54% of ticket sales come from 5 percent of players who tend to be poor and uneducated.
“Buying lottery tickets exacerbates the very poverty that purchasers are hoping to escape,” Emily Haisley, financial expert.
In most states, 60% of ticket revenue goes to jackpot, winners surrender 40% in taxes, lottery company and ticket retailers get a cut, and the remainder – about 25 to 30% go to the state’s coffers.
State governments use lottery proceeds for the general fund, despite the promise of state officials promising to pour proceeds into education.
People with household incomes below $25,000 spend an average of $583 a year on the lottery; people with household incomes over $100,000 a year spend $289 on the lottery. (1999 Duke University study)
College dropouts spend about $700 on lottery tickets; people with degrees only $178.
Studies show that poorer players are 25% more likely than richer players to consider a lottery ticket a genuine investment and to greatly overestimate their chance of winning.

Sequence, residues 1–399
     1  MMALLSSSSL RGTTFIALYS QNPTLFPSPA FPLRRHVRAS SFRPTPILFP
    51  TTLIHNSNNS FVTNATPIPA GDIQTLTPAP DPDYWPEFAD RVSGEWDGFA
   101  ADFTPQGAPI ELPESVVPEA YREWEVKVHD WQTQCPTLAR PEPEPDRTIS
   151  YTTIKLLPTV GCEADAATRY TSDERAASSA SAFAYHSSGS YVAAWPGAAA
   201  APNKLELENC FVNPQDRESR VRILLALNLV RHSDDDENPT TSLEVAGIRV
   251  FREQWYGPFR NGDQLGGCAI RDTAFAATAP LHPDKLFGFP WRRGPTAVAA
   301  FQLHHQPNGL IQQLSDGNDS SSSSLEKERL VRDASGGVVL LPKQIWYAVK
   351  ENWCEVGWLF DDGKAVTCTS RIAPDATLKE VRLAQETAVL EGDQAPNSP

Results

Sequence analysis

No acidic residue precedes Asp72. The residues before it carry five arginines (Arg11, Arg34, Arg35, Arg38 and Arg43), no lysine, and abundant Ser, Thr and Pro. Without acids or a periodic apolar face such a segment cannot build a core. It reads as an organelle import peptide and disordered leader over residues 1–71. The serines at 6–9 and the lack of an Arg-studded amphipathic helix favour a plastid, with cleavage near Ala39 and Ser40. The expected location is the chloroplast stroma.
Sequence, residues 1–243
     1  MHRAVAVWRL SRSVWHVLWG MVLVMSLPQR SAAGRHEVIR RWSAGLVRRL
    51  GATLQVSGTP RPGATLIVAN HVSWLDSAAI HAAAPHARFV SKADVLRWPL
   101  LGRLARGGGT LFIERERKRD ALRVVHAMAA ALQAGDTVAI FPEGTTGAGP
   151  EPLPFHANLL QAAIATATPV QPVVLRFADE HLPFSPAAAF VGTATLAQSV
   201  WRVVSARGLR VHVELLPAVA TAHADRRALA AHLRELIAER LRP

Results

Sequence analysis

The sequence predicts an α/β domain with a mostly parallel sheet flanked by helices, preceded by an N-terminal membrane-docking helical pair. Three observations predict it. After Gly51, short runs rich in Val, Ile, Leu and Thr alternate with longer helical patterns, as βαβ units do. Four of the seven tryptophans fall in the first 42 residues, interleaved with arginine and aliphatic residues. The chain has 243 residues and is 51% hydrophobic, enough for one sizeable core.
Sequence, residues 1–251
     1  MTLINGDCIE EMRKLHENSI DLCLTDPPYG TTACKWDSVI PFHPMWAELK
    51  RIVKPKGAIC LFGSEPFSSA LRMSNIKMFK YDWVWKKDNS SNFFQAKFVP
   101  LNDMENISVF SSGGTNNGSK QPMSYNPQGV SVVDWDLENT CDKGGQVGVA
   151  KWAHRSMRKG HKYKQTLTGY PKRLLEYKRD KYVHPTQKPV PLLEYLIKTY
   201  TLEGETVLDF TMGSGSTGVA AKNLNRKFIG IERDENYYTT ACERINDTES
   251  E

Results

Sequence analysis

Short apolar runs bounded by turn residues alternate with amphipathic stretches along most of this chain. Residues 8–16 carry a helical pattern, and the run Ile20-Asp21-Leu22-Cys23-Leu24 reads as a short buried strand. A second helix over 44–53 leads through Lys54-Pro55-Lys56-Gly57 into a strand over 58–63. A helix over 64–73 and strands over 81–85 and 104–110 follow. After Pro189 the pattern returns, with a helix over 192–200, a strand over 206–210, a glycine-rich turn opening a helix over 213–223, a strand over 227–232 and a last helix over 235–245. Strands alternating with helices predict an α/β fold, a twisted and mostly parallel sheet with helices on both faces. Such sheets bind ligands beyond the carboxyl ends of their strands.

State lotteries have become viable sources of state’s budgets whereby lawmakers consider it political suicide to do anything that interferes with that revenue stream.
“Politicians view lotteries as a victimless source of revenue,” says tax expert David Brunori.
But if you must play…
Here are some suggestions on maximzing your chances of not having to share the jackpot if you do get lucky:
Don’t pick numbers between 1 and 31 (something about the statistics favoring higher numbers)
Don’t pick obvious combinations, such as 1, 2, 3, 4, 5, 6.
Be sure to check your tickets: $2 billion worth of prizes went unclaimed in 2015.
Create a Limited Liability Corporation (LLC) to avoid having to publicly identify yourself as a lottery winner and avoid the harrassment from long-lost friends and relatives, financial “advisors.”
Buy early in the lottery cycle so you can “extend the pleasure of anticipation.” I could say more but I have to finish entering the HGTV Dream Home Giveaway…
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Former Fortune 500 hiring manager Donn LeVie Jr. is the author of Strategic Career Engagement (September 2015), and the book that reset the rules for successful job and career strategies: Confessions of a Hiring Manager Rev. 2.0 (June 2012, Winner of the 2012 Global eBook Award and Winner of the 2012 International Book Award for Jobs/Careers). He leads career strategy seminars at conferences, business/trade schools, colleges and universities, and U.S. military veterans organizations.
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